campsiteNice trail for the family and we see several.  We see at least three groups of hikers returning from having camped out at the lake.  Others are returning because they simply started before us.  Smart as today is hot.  There are several camp sites like this one along the way with access to water from a small but strong running stream.  We find this camp sign ironic as the girl’s Uncle Steve has played at the Hole-in-the-Wall on Guadalupe in Austin a million times over the last thirty years.  We figure this camp site is a tribute to that dive bar.

creek crossingThe entire hike is in the trees with only a few spots for views of the valley or Continental Divide.  This is probably a good thing as the temperature soars well above 90° today.  We take advantage of several creek crossings to cool off.  Ellie is emboldened by her water-proof hiking boots and wades into deeper water than us to cool off.  Brit and I can’t believe her feet remain dry.  She pushes the boundaries often drowning her bootlaces.  My RMNP trail guidebook suggests there are some downhill segments, but no down slopes ever present themselves for more than 20 yards in length.  This is a long, hot, uphill slog.

lake signEllie’s patience wears thin as she discovers this trail will never go downhill until we turn around.  I learn later from my Garmin that we climbed nonstop 2000 feet in elevation over 4.5 miles.  Brit brilliantly provides Ellie a chocolate chip cookie (what do you pack for trail food?) and this enables Ellie to pull through for the final stretch.  Then the lake presents itself through the trees.  Even Ellie is wowed and says the hike is worth it.  Sandbeach Lake is one of Rocky Mountain National Park’s biggest and deepest mountain lakes.  The water is as clear as the sky.

brit n dadThe lake was dammed around 1900 to provide drinking water for our town – Longmont.  The dam was dismantled in the ’80s and returned to its natural state, once again displaying the sandy beach for which it is named.  I don’t know that I’ve ever seen a sandy beach on a high-altitude mountain lake before.  Sandbeach Lake offers stunning views of close-by peaks to the north and the Continental Divide to the west.  You can almost watch water run off the moraine on the northern peaks to a waterfall flowing into the lake.  The sound of flowing water is peaceful; this beach no doubt makes for a great camp site.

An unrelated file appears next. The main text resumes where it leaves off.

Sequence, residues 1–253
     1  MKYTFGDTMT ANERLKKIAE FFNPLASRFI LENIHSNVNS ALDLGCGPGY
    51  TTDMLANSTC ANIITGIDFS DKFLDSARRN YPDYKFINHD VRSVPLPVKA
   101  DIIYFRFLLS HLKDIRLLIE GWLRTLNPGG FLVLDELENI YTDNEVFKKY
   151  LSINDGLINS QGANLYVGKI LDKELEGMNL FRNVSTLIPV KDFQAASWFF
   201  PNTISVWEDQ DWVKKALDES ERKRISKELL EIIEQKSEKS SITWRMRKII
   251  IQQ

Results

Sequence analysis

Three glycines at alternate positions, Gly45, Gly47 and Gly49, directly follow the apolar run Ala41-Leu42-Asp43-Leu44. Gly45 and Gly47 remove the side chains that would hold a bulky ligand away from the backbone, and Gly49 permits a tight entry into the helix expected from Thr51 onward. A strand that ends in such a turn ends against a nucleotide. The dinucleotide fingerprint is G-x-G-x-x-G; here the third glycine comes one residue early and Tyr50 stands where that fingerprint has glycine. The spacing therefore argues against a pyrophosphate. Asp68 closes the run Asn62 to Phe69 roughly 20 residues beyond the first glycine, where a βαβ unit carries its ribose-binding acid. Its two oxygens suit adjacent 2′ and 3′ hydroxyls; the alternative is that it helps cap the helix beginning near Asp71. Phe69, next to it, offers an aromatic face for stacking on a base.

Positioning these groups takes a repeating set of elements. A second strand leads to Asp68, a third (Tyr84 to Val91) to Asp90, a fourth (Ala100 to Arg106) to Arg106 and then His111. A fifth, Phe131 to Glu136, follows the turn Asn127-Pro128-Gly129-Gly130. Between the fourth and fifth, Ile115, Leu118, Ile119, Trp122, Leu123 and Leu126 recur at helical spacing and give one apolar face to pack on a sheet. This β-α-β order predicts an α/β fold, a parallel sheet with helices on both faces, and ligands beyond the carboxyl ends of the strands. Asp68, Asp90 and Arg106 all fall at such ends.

meeker park trailThis is only one trail of many in the Wild Basin area of RMNP.  The trails sit south of Mount Meeker, many leading to lakes and waterfalls.  Our plans are to return each weekend that we can this summer to explore the other trails.  The trailheads are less than an hour from our front door, just north of Allenspark, CO.  We stopped in that little mountain haven on our return for a cold beverage.  We later lunched at Lyons Fork in Lyons.  Nice Sunday.

Alpine Tunnel

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TunnelOur final morning begins with a short hike, couple of miles maybe, back to the trailhead and La Plata’s truck.  We lighten up our packs since we won’t need tents or sleeping bags for today’s hike.  We then set out on our first northbound direction toward the Alpine Tunnel.  This is what remains of an old rail line that supplied miners back in the day.  The trail itself actually follows the old tracks, although only a few timbers remain.

DCIM41[N3862354W10635535T40D992EAH0DBB84]There is a surprising amount of snow on the trail.  Probably because the trail appears to be on the east side of a hill.  And we are just under treeline as you can see in this photo.  Each of us brought along our trekking poles in case we need them, which we do later.  Initially though this trail, following an old railroad grade, is fairly pedestrian.  Discounting the extreme altitude.

Alpine TunnelWe also brought along head lamps thinking we would need them to walk through the tunnel.  We were wrong.  That’s the east portal of the tunnel behind us.  Nowhere are there any signs or clues that the tunnel has been caved in for years.  Maybe the west side is open but we don’t go there.  Instead we hike up over the ridge to Tunnel Lake.  This is where the trail becomes challenging.  Snowfields are quite large.  One forces us to bushwhack across a boulder field which is arguably more dangerous, albeit quicker to navigate.

Alpine Tunnel LakeMike and I turn around at this lake while La Plata sprints a few minutes further to capture the pass as part of his CDT quest.  Maybe Mike is trying to get to DIA early for his flight but he leads the return at such a torrid pace I am unable to keep up.  He must have gotten in shape on this trip.